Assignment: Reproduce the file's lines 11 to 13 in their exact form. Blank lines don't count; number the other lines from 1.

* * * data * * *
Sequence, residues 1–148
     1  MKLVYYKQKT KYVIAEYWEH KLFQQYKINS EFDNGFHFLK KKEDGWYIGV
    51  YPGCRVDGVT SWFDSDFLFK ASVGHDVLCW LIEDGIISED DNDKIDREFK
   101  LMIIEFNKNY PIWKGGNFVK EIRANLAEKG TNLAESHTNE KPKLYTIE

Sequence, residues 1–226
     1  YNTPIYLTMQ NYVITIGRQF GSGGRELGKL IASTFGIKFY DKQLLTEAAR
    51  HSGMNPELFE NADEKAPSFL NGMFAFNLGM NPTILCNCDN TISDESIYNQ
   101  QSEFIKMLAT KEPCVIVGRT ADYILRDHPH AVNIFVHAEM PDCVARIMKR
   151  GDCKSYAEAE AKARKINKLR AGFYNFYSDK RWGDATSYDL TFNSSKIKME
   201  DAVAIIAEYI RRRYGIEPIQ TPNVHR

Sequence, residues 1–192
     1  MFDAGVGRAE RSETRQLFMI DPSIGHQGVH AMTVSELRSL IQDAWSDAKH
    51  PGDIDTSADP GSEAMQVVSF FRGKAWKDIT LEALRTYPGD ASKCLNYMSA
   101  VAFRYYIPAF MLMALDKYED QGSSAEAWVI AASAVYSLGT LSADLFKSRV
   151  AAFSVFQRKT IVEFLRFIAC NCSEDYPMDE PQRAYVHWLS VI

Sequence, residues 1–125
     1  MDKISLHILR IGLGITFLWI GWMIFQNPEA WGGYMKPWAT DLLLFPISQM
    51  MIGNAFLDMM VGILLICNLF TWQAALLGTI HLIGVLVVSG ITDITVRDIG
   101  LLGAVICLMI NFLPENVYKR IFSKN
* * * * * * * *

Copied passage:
Sequence, residues 1–192
     1  MFDAGVGRAE RSETRQLFMI DPSIGHQGVH AMTVSELRSL IQDAWSDAKH
    51  PGDIDTSADP GSEAMQVVSF FRGKAWKDIT LEALRTYPGD ASKCLNYMSA